Of course, smart slot players never go into a session figuring that they'll exhaust their entire earthly possessions in order to get that one pull. But like the smart gamblers that they are, they budget their money. They give themselves "X" amount of dollars for a session's play, or "Y" number of spins, and then they walk - win, lose or draw.
Frankly speaking, knowing that losing streaks are par for the slot course will go a long way to allaying your fears about casino cheating by programming the machines to "freeze up" after a win and such knowledge will also explain why there are more ebbs than flows to a slot session.
For more information about slots and video poker, we recommend:Break the One-Armed Bandits! by Frank Scoblete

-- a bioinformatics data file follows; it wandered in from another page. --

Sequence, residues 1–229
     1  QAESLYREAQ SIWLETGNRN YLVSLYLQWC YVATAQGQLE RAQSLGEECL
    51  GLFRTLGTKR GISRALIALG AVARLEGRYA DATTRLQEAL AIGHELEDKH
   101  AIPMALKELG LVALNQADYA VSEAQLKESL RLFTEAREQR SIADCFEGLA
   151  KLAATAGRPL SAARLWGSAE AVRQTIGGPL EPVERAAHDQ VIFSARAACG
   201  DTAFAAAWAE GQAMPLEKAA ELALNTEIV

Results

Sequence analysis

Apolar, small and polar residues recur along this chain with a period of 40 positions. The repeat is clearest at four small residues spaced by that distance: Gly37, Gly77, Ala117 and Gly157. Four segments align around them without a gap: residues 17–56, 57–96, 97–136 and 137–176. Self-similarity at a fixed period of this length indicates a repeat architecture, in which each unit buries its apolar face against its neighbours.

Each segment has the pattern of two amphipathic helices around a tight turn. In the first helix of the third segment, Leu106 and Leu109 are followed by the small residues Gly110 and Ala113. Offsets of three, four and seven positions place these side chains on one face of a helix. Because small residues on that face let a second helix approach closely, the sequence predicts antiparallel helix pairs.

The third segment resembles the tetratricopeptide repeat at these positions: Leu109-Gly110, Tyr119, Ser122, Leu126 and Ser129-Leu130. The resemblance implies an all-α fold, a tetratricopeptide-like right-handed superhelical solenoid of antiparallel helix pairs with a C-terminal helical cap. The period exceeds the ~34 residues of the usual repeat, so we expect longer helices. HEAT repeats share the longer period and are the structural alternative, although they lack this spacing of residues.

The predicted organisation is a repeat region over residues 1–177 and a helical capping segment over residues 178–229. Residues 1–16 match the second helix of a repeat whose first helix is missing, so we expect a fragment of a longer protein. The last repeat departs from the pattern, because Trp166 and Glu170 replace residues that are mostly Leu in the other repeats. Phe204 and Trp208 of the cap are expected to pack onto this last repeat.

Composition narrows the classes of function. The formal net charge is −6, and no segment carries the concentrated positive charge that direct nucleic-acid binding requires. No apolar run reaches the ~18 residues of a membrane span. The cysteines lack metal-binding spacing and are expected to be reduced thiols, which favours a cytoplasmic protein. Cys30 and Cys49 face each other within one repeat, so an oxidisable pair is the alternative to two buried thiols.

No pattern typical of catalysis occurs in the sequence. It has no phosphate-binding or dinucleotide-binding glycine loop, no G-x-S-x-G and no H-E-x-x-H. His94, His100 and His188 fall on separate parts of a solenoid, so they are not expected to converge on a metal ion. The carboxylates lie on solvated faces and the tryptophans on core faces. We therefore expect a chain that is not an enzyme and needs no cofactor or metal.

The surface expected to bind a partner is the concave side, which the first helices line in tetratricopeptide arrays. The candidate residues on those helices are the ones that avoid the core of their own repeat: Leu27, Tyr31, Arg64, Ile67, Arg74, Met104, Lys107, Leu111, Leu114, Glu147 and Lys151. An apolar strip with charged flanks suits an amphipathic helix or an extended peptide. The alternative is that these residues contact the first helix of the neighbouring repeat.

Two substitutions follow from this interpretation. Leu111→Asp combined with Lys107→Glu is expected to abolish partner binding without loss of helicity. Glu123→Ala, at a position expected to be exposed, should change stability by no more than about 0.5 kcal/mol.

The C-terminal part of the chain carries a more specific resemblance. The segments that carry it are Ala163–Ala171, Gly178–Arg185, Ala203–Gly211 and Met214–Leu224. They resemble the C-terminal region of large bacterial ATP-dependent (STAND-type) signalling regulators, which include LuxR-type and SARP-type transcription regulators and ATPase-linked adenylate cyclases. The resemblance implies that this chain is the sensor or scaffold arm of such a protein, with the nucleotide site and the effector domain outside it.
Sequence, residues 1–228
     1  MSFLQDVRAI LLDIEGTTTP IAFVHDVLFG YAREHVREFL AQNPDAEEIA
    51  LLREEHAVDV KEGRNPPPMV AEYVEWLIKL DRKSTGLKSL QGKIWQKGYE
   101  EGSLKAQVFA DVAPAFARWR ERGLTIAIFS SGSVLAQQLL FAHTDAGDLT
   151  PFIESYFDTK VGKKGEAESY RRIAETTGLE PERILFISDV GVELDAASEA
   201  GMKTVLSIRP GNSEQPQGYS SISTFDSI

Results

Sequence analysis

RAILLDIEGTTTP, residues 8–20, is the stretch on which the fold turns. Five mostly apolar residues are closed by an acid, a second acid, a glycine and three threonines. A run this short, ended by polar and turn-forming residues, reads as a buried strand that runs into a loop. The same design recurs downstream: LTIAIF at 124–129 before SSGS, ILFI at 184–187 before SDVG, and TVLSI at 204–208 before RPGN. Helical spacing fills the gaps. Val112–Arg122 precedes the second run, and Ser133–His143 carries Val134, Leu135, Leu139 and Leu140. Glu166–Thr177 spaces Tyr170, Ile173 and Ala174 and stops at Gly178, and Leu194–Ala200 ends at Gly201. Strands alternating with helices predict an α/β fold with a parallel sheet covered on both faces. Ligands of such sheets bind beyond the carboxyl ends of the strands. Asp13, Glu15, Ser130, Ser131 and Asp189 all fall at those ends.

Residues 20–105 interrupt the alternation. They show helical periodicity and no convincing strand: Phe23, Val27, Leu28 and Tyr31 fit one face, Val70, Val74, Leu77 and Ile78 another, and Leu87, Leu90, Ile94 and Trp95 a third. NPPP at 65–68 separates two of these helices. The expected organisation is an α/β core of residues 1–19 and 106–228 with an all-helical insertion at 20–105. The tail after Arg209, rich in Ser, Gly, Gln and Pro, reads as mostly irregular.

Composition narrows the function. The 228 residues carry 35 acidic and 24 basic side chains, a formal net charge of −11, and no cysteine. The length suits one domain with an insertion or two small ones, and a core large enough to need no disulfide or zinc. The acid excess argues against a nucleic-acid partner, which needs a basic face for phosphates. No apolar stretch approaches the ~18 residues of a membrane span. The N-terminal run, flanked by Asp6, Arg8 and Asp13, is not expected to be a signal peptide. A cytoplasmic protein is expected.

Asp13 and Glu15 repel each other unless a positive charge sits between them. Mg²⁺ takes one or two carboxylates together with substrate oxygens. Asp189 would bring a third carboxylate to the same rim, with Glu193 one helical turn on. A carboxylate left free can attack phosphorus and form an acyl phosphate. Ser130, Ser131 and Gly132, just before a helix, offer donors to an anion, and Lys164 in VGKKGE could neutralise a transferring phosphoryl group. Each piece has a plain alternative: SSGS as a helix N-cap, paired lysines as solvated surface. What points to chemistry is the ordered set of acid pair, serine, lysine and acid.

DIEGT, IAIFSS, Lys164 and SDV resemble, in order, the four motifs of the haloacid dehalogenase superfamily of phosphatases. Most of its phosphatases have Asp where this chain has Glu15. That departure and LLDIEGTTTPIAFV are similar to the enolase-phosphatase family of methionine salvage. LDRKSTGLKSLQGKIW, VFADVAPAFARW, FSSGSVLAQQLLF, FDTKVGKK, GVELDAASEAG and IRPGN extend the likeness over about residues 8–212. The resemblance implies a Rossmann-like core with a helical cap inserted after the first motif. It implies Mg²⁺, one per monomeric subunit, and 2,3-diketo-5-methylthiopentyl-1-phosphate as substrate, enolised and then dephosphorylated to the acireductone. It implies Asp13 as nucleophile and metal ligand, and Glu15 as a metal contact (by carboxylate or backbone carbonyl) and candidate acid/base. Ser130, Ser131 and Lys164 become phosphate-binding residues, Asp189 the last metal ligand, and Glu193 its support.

Victory at Video Poker and Video Craps, Keno and Blackjack! by Frank Scoblete
Slot Conquest Audio Cassette Tape (60 minutes) with Frank Scoblete
Winning Strategies at Slots & Video Poker! Video tape hosted by Academy Award Winner James Coburn, Written by Frank Scoblete
The Slot Machine Answer Book by John Grochowski
The Video Poker Answer Book by John Grochowski
This article is provided by the Frank Scoblete Network. Melissa A. Kaplan is the network's managing editor. If you would like to use this article on your website, please contact Casino City Press, the exclusive web syndication outlet for the Frank Scoblete Network. To contact Frank, please e-mail him at firstname.lastname@example.org.